Tourism is the world’s largest industry, growing larger every year. In 2012, for the first time in history, aggregate international tourist arrivals around the world surpassed one billion. In 2011, international tourism receipts exceeded $1 trillion.
Hand in hand with this extraordinary development of global tourism is an unprecedented level of interest in responsible travel, coinciding with people’s desire to get away from run of the mill holidays in favour of travel experiences that are unique, authentic and meaningful. In addition, the rise of philanthropic programmes and ‘volun-tourism’ indicates that consumers increasingly seek to give back to the communities they visit. These twin desires for unique and ethical experiences have placed increasing pressure on tourism suppliers to improve their social and environmental responsibility.
Of course some businesses have been well ahead of the curve of this trend. Abercrombie & Kent Philanthropy (AKP), the philanthropic arm of luxury travel operator, Abercrombie & Kent, traces its beginnings back to 1982 when A&K Vice Chairman Jorie Butler Kent, together with A&K founder, Chairman and CEO Geoffrey Kent, first raised funds for conservation efforts within Kenya’s Masai Mara National Reserve. Today, AKP carries on A&K’s social and environmental commitments on a global scale. A&K’s more than 50 companies and offices worldwide sponsor projects designed to benefit the communities in which they operate. A&K staff members donate their time and labour in addition to lending financial support, and rigorous oversight ensures that every donation is put to worthy use.
According to Sujata Raman, A&K’s Australian Managing Director, embracing responsible business practices at the environmental and social levels has a number of benefits for businesses. “Not only are we meeting a growing consumer demand, responsible practices also give us a competitive advantage in terms of branding and product differentiation. But more importantly, we know that the tourism industry as a whole depends on the health of the destination. So it’s really important to us to focus on enhancing environmental and social sustainability on the ground where we operate.”
Boutique luxury travel operator Sanctuary Retreats is another company that is committed to conservation and responsible tourism ever since opening its first camp in the Masai Mara in 1999. Says Michael McCall, Director of Sales Australia, NZ & Asia, the company has always strived to build long lasting relationships with rural communities in the areas in which it operates, making a point of identifying and supporting long-term, viable and self-sustaining projects. Says McCall, “Our aim is to ensure that all projects are supported by our staff and guests and we work closely with communities to identify their needs so we can deliver projects that really have an impact.”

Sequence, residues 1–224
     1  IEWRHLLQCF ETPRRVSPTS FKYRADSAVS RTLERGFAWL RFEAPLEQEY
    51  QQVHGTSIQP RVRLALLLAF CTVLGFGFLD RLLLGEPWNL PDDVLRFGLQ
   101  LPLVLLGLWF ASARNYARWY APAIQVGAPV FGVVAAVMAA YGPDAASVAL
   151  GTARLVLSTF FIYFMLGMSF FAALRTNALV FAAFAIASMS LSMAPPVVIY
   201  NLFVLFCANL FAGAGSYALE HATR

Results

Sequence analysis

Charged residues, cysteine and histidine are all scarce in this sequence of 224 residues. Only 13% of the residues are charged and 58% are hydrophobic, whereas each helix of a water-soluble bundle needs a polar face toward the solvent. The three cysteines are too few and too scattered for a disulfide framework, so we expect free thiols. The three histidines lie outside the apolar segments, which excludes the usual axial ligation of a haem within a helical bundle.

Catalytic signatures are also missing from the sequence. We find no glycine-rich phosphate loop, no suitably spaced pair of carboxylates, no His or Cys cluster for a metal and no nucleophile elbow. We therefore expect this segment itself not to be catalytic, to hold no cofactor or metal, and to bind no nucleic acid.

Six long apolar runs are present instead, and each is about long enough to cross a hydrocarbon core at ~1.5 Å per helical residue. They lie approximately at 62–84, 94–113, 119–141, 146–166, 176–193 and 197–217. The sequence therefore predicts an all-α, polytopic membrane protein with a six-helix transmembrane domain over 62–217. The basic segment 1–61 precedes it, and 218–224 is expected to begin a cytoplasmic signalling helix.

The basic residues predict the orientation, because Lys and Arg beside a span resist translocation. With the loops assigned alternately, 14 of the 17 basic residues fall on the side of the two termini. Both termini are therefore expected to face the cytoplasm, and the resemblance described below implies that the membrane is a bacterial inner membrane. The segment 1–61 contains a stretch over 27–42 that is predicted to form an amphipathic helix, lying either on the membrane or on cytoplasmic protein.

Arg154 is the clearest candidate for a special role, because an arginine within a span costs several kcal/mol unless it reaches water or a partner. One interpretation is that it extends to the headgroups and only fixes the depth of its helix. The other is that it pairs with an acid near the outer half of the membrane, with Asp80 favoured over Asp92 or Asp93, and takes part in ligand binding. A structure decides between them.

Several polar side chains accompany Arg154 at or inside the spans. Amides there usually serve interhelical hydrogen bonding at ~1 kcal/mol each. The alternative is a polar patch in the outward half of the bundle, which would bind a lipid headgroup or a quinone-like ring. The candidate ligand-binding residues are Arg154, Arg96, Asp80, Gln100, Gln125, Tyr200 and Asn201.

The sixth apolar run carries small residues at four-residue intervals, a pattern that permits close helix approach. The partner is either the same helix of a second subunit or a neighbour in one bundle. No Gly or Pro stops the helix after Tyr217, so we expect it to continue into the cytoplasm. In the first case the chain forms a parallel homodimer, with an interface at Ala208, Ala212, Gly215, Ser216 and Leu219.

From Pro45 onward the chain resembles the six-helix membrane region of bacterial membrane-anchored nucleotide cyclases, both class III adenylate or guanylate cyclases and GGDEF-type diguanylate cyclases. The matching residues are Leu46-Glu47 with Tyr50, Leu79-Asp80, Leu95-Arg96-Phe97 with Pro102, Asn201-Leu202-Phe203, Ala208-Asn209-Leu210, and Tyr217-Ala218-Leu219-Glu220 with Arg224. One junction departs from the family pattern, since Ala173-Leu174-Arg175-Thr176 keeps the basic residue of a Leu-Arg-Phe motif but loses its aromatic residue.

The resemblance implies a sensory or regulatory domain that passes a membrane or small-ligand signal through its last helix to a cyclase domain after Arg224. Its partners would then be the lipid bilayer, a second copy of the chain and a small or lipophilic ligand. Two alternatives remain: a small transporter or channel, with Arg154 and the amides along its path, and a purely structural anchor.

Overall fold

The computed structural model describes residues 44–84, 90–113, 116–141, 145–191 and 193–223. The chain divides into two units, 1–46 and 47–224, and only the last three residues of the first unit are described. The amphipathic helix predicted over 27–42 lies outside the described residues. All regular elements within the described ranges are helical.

Recent projects undertaken jointly by A&K and Sanctuary Retreats include the relocation of 20 rhino, both black and white, into the Moremi Reserve in Botswana where they are under protection 24/7 and safe from poachers. Guests staying at Sanctuary Retreats’ camps and lodges in Botswana will also have the opportunity to see these endangered animals while on safari.
Earlier this year, Abercrombie & Kent also teamed up with Wheels of Change to fill a shipping container with donated bikes and equipment for Nakatindi village in Zambia to enable healthcare workers and students to attend the nearest secondary school 11 km away. Much to the excitement of the community, over 700 bicycles were recently delivered to the village. The containers in which they were delivered have been converted to a bicycle repair centre, with five local women selected to operate the new shop who are now hard at work learning how to be bike mechanics. The project is one of many that AKP and Sanctuary Retreats’ Sussi and Chuma camp have implemented in the village.